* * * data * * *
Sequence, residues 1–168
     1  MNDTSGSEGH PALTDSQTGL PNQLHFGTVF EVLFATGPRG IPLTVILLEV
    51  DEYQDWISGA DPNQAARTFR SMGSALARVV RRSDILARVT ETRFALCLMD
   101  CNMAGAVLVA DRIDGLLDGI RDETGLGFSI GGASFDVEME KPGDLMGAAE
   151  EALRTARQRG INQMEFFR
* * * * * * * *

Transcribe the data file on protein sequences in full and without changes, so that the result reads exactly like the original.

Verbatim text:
Sequence, residues 1–168
     1  MNDTSGSEGH PALTDSQTGL PNQLHFGTVF EVLFATGPRG IPLTVILLEV
    51  DEYQDWISGA DPNQAARTFR SMGSALARVV RRSDILARVT ETRFALCLMD
   101  CNMAGAVLVA DRIDGLLDGI RDETGLGFSI GGASFDVEME KPGDLMGAAE
   151  EALRTARQRG INQMEFFR